In what could be a breakthrough for body sensor and navigation technologies, a team of scientists in Sweden and Germany has developed the smallest accelerometer ever reported. They exploit the unique mechanical and conducting properties of the material graphene for this.
Each passing day, nanotechnology and graphene research are making new progress. The latest step forward is a tiny graphene-based accelerometer created by an international research team involving KTH Royal Institute of Technology in Stockholm, Sweden and researchers from the Aachen Graphene and 2D Materials Center – a consortium between RWTH Aachen University and AMO GmbH.
Microelectromechanical systems – MEMS for short, have formed the basis for new innovations in sensor and medical technology for decades. Now, these systems are moving to the next level: nano-electromechanical systems, or NEMS. Thanks to its extraordinary mechanical strength, atomic-thickness, and excellent conducting properties, graphene is one of the most promising materials for a breathtaking array of applications in nano-electromechanical systems.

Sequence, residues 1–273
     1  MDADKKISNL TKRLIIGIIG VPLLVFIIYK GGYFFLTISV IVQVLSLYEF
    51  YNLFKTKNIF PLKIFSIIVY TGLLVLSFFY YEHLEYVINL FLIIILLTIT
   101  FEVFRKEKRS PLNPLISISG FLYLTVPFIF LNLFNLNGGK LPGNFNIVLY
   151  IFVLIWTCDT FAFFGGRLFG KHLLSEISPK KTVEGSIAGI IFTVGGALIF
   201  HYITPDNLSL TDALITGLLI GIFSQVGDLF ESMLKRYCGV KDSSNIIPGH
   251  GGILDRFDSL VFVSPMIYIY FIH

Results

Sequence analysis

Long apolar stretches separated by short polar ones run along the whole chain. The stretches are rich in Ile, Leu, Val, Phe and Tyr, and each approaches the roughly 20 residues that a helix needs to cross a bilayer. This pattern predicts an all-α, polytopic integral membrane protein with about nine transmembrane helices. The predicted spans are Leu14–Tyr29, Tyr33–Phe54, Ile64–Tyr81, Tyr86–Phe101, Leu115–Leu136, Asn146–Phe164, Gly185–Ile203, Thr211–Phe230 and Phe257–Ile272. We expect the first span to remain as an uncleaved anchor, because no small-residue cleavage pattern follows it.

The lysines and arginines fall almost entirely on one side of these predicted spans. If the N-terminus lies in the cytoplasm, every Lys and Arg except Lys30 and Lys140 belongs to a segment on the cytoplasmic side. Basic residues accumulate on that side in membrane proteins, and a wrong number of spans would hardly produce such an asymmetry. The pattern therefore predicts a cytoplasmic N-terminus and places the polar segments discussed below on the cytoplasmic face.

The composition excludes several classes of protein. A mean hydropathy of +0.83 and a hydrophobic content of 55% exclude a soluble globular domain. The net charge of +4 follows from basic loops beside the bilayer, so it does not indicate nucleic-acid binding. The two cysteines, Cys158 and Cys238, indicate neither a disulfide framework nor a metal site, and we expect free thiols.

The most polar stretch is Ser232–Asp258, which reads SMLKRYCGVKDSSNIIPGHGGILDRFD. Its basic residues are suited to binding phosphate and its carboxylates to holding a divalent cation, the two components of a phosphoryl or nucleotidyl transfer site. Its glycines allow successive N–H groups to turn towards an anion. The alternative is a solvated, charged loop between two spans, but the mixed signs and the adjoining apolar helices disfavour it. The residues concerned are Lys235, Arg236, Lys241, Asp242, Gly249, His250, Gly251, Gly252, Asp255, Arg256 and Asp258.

The future for such small accelerometers is promising, says Xuge Fan, a researcher in the Department for Micro and Nanosystems at KTH Stockholm, who compares advances in nanotechnology to the evolution of smaller and smaller computers. “This could eventually benefit mobile phones for navigation, mobile games, and pedometers, as well as monitoring systems for heart disease and motion-capture wearables that can monitor even the slightest movements of the human body,” he says. “In addition, these NEMS transducers can be used as a system to characterize the mechanical and electromechanical properties of graphene itself.”
Max Lemme, professor at RWTH and Managing Director at AMO GmbH, is excited about the results: "Our collaboration with KTH over the years has already shown the potential of graphene membranes for pressure and Hall sensors and microphones. Now we have added accelerometers to the mix. This makes me hopeful to see the material on the market in some years. To this end, we are working on industry-compatible manufacturing and integration techniques.
This type of research is a good example of the activities pursued at the Aachen Graphene and 2D Material Center, Lemme says. "What is very characteristic of research on graphene and two-dimensional materials is the close feedback-loop between basic and applied research. We try to turn into real-life applications properties that have only recently been discovered, and this makes it for me all the more exciting.”